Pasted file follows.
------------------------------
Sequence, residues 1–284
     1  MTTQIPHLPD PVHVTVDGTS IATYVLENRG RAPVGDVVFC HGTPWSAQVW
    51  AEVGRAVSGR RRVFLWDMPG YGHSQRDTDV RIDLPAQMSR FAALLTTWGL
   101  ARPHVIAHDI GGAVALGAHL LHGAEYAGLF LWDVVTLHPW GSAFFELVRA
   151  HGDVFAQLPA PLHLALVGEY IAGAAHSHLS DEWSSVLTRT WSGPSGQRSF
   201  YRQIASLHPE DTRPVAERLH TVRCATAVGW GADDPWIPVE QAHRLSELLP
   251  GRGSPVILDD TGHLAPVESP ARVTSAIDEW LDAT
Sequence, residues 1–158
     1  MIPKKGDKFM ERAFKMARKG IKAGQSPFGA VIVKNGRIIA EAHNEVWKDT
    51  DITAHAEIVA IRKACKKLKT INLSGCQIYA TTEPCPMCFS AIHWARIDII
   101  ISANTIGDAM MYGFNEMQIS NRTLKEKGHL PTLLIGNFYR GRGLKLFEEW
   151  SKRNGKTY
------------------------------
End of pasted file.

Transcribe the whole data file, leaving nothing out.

Sequence, residues 1–284
     1  MTTQIPHLPD PVHVTVDGTS IATYVLENRG RAPVGDVVFC HGTPWSAQVW
    51  AEVGRAVSGR RRVFLWDMPG YGHSQRDTDV RIDLPAQMSR FAALLTTWGL
   101  ARPHVIAHDI GGAVALGAHL LHGAEYAGLF LWDVVTLHPW GSAFFELVRA
   151  HGDVFAQLPA PLHLALVGEY IAGAAHSHLS DEWSSVLTRT WSGPSGQRSF
   201  YRQIASLHPE DTRPVAERLH TVRCATAVGW GADDPWIPVE QAHRLSELLP
   251  GRGSPVILDD TGHLAPVESP ARVTSAIDEW LDAT
Sequence, residues 1–158
     1  MIPKKGDKFM ERAFKMARKG IKAGQSPFGA VIVKNGRIIA EAHNEVWKDT
    51  DITAHAEIVA IRKACKKLKT INLSGCQIYA TTEPCPMCFS AIHWARIDII
   101  ISANTIGDAM MYGFNEMQIS NRTLKEKGHL PTLLIGNFYR GRGLKLFEEW
   151  SKRNGKTY